To understand service principals, it’s useful to first understand the words identity and principal as they are used in Identity management world.
An identity is just a thing that can be authenticated. Obviously, this includes users with username and password, but it can also include applications or other servers, which might authenticate with secret keys or certificates. As a bonus definition, an account is data associated with an identity.
A principal is an identity acting with certain roles or claims. Consider the use ‘sudo’ on a bash prompt or on Windows using “run as Administrator”. In both of those cases, you are still logged in as the same identity as before, but you’ve changed the role under which you are executing.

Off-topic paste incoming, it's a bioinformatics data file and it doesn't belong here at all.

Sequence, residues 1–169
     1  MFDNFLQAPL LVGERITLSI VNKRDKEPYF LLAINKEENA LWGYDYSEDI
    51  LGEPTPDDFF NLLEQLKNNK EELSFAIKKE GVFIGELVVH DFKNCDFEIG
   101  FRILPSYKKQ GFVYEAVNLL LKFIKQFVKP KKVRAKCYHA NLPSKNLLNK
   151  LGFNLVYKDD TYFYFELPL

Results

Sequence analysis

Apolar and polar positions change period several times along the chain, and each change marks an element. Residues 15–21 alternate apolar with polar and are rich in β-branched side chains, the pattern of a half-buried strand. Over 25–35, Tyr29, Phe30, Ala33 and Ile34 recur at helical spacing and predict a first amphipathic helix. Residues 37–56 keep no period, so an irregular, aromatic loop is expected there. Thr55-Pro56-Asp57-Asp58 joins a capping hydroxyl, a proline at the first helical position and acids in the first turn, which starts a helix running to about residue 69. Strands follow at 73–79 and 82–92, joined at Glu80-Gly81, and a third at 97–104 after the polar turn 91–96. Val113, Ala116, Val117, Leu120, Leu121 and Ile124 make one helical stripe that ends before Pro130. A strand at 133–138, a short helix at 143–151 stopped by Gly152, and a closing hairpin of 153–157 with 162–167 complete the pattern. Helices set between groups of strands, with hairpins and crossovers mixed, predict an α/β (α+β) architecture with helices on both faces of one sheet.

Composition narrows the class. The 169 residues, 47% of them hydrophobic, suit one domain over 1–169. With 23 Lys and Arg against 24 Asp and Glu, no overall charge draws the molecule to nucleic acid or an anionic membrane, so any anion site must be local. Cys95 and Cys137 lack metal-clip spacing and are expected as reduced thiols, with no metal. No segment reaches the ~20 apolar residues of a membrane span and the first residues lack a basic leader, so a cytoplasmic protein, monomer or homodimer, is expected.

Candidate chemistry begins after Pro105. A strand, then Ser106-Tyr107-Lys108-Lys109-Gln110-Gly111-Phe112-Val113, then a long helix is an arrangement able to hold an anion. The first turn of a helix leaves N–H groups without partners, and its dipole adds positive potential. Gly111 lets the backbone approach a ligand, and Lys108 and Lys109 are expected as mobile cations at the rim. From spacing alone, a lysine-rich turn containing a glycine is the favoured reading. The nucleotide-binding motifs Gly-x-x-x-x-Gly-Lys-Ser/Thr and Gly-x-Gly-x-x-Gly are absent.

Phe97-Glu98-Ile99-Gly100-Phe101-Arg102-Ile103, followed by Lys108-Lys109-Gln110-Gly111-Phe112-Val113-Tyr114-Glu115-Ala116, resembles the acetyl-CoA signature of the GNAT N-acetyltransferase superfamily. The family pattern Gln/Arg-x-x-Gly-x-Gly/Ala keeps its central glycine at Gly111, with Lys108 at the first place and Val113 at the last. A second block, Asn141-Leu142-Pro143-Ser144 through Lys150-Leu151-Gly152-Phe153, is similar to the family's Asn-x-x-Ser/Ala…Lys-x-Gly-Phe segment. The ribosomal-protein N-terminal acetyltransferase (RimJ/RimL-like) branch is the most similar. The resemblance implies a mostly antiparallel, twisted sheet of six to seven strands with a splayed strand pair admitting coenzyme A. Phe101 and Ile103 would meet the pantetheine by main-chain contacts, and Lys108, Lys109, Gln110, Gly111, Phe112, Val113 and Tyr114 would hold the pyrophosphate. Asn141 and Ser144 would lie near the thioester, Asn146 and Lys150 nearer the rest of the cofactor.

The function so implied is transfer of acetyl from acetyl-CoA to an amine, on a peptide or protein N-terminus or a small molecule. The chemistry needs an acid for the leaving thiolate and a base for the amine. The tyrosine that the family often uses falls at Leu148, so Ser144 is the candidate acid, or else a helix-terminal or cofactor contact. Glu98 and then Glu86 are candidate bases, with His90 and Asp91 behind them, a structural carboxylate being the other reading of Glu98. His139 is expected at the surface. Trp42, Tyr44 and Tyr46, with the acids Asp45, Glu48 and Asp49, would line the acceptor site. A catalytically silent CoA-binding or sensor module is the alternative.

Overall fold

So, a Service Principal is literally named. It is an identity that is used by a service or application. Like other identities, it can be assigned roles.
For example, Lamna Healthcare can assign its deployment scripts to run authenticated as a service principal. If that is the only identity that has permission to perform destructive actions, Lamna will have gone a long way toward making sure they don’t have a repeat of the accidental resource deletion.